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Lecturer’s take to the picket line during the pension strikes

Around 25% of staff are UCU members


As the UCU strikes began this week, we all saw the vast number of staff on campus as well as the support from students. There were multiple picket lines around campus and we went to speak to a few to talk about the strikes.

We first spoke to Mary Morrison, a UCU exec member:

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What motivated you to come to the picket line, as not all of the lecturers who are striking have decided to come out?

I think it’s important to represent what we think about the lack of engagement in discussions by our VC and our university in the national discussions on the USS pensions.

What do you think about the student-made petition that has asked for their money refunded for the lectures that they have been missed/cancelled?

I think the issue is of huge importance both to staff and to students. Staff don’t take action like this likely, we will lose money for any day’s action that we take or even partial days action that we take. It’s not something that we’re just doing for the sake of it. We understand that it’s very important to students and I think it’s extremely important that students register their concern.

Do you think the strikes will last the whole 3 weeks, or do you think they’ll be called off because of the protest?

I very much hope that the VC here and that the other VC’s that are currently opposing further negotiation change their minds and go back for meaningful negotiations with UCS. I hope that does mean a fast end to the strike, but at the moment I’m not sure what’s going to happen. I very much don’t want to be on strike for the best part of a month, but I am prepared to do it if that’s what it takes.

Students do know that there are changes to the pensions. Could you explain to students what the affects would be onto you as an average staffer?

The thing about working in a university is that university salaries are not particularly high. One of the good things about coming to work at a university is that we knew that some of our salary was taken away and put into a pension pot. It’s something that made working in a university in the UK very attractive. If that goes, the whole system becomes less attractive to staff. We want to attract the best staff to teach students, we want to give students the best we can and the pension is a very important part of that package.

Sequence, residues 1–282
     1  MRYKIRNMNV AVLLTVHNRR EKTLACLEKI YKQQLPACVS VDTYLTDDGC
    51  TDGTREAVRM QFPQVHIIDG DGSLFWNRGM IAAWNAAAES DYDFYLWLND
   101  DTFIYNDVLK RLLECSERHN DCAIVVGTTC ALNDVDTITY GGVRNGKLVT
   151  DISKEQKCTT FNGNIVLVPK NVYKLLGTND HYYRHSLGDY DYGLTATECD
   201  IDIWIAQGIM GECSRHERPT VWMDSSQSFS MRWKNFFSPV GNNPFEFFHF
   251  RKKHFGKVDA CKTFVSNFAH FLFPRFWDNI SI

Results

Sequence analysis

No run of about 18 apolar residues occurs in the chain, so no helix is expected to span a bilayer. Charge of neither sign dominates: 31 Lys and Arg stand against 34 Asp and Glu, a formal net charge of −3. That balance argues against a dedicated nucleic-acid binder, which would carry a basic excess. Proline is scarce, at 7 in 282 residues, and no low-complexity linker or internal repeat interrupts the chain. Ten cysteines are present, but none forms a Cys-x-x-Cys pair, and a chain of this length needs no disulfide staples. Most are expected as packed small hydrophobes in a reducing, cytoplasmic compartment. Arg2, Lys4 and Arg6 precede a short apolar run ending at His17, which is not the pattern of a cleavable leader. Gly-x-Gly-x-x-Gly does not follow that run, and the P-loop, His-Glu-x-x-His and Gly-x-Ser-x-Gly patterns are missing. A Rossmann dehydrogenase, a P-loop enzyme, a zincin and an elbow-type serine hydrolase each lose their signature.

Do you have any opinions of the staff who have chosen not to strike?

People have to make their own choices. I understand that some people feel very uncomfortable about striking, I don’t feel particularly comfortable about it, but I think it’s very important. I would urge them even if they don’t feel able to strike, I feel they should do what they can to support the strike because ultimately all of us who are on USS pension will benefit from anything we manage to change.

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We also spoke to Linda Turner from the Faculty of Medicine:

"This is the second wave of changes where they're proposing to change it from a defined benefit to defined contributions meaning that the average pension looses out on £10,000. It also means the pension is also susceptible to the movement of the stock market, putting the risk on the employee."

"We have enjoyed a lot of student support this time and we're very grateful for it. It's made a huge difference to have the student's suport this time and that's given us a huge leverage nationally. It's understandable that students want to go to lectures if they're still on because every person's in a different situation."

"The Vice Chancellor could follow the example of some VC's such as the one in Newcastle (Professor Chris Day) who has said that Universities UK should get back round the table and negotiate"

Johnathan Shepherd also from the Faculty of Medicine said:

"The employers will also be making a smaller contribution to the pension than they currently are. They're justifying this because there is an apparent deficet in the pension fund but that is based on estimated calculations that were run on the worst case scenarios. Other calculations have been done to show the defecit is nowhere near as big as they say it is. "

"It'd actually be nice if the Vice Chancellor was visibly on campus and would actually come out and talk to us. This is what the previous VC did when we were on strike a few years ago. So far we've not seen Christopher Snowden at all"

Ivan Walton from iSolutions said:

"I'd love to be at work now but some things are more important"

"We've seen no sign of the VC. He doesn't seem to be recognising there's anything happening on campus. He can't claim that he has no influence over Universities UK."